In Gutenberg's Footsteps: Our Trade Fair Appearance at the 2018 Frankfurt Book Fair, the World's Largest Book Show
As you probably know, the book world has been meeting since Wednesday in Frankfurt for the world's largest book trade show, the Frankfurt Book Fair. For everyone who could not visit the fair this year, we would like to describe our impressions, encounters, and experiences from Frankfurt - enjoy reading!
OUR NEW BOOTH IN HALL 4.1
We were particularly proud of our completely redesigned booth after its construction. The great response from our stand visitors more than justified the time-consuming planning and implementation. But see for yourself!
WILL THE 300,000-VISITOR MARK BE BROKEN?
Last year, almost 280,000 visitors came to the Frankfurt Book Fair and visited the stands of over 7,300 exhibitors from more than 100 countries. Of course we are also excited to see whether the magic number of 300,000 visitors will be exceeded this year. Based upon our impressions of the hall where we found ourselves and the interest in our stand, we had the impression that, despite the fantastic autumn weather, attendance at the trade fair was noticeably better than last year, which was already very good.
MEETING PEOPLE, DELIGHTING VISITORS
Of course, a trade fair means strengthening contacts and getting to know new bibliophiles. In addition to a few regular customers from all over Germany, an unbelievable number of people spoke to us, from enthusiastic facsimile "laymen" to old hands. Of course, there was also time for interesting conversations with colleagues and friends between the discussions with visitors: e.g. Professor Eberhard König, who visited us, or Professor Dirk Ansorge, who teaches here in Frankfurt as a theologian and highly regarded author.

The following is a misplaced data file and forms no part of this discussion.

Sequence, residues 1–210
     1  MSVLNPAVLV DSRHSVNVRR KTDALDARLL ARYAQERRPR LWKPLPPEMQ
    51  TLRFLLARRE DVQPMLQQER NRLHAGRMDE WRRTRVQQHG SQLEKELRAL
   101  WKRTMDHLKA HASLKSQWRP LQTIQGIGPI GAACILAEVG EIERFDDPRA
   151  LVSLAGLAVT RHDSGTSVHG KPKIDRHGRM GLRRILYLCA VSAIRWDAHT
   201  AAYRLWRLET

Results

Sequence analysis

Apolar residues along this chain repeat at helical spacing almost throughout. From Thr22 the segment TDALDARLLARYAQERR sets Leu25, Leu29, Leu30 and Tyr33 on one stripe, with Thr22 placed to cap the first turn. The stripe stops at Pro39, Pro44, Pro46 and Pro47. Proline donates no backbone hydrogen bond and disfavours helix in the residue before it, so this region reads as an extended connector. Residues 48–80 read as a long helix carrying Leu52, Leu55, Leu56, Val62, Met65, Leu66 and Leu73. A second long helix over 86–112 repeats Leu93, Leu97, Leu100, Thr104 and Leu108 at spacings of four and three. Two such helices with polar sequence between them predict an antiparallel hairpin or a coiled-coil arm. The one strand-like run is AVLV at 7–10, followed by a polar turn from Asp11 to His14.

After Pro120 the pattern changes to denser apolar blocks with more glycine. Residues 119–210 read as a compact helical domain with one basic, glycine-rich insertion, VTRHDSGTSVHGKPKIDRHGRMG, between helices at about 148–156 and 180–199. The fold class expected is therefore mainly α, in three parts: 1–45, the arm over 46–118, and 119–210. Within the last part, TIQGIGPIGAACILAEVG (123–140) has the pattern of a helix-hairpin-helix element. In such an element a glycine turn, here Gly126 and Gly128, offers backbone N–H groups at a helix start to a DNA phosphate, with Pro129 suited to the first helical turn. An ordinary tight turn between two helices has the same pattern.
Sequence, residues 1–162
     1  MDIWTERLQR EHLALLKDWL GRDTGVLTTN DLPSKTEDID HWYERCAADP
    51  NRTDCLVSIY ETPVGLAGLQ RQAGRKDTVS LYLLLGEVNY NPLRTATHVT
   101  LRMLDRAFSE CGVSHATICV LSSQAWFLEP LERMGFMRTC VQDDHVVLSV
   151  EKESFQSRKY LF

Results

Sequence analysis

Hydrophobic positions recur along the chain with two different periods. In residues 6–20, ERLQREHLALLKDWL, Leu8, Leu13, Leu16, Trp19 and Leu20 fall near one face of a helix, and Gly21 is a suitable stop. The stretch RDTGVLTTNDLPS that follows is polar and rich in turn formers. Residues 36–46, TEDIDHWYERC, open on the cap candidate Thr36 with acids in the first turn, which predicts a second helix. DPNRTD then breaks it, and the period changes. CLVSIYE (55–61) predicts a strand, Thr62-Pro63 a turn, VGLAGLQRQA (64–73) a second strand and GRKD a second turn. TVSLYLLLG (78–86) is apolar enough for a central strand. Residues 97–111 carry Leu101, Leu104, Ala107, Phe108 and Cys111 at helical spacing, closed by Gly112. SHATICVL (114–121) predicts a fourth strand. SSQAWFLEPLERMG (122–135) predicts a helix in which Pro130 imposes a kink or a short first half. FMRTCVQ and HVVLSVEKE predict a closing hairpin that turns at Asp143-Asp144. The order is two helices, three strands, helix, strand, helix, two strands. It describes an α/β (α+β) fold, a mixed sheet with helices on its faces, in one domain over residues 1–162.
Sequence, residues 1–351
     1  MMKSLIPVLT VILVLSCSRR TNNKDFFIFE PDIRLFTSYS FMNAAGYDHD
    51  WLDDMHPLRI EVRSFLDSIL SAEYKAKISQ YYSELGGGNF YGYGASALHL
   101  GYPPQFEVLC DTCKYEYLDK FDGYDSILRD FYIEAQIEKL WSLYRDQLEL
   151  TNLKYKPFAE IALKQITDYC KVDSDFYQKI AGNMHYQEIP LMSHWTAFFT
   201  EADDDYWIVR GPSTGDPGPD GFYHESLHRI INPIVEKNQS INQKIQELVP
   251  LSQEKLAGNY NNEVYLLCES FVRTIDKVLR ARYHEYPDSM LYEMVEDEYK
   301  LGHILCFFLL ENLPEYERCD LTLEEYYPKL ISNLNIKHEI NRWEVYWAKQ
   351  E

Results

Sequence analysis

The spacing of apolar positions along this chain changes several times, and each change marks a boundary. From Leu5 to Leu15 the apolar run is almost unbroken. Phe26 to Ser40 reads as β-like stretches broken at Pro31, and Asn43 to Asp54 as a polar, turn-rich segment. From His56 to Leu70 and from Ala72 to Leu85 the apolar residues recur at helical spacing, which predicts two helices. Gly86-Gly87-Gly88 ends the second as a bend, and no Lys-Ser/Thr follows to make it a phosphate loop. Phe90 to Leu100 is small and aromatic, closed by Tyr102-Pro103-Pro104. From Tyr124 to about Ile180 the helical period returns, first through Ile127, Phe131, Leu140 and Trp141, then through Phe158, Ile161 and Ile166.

OUR NEIGHBOR: GUTENBERG
The Mainz Gutenberg Museum exhibited directly opposite us, and of course - before the exhibition halls opened to visitors in the morning - we received a personal and exclusive "introduction to printing". Here Heinz, a printer with body and soul for 40 years, explains to us the operation of the replica of the original Gutenberg printing press (weighing more than 1.2 tons!), which his museum brought to the fair.
OUR OWN GUTENBERG BIBLE
And then he said: spit in your hands and grab! First the colors are applied to the (luckily already set) lead letters, then the (luckily also prepared) handmade paper is inserted and the press is set in motion with a lot of force. You need a lot of elbow grease for that!
AN IMPRESSIVE RESULT
That is a really sublime feeling: holding a self-printed sheet from the 42-line Gutenberg Bible in your hands! It also clearly demonstrates Gutenberg's performance: he had to typeset more than 1,200 pages for each of the 180 printed copies! That makes more than 200,000 pages! The effort, the costs, the logistics - truly incredible!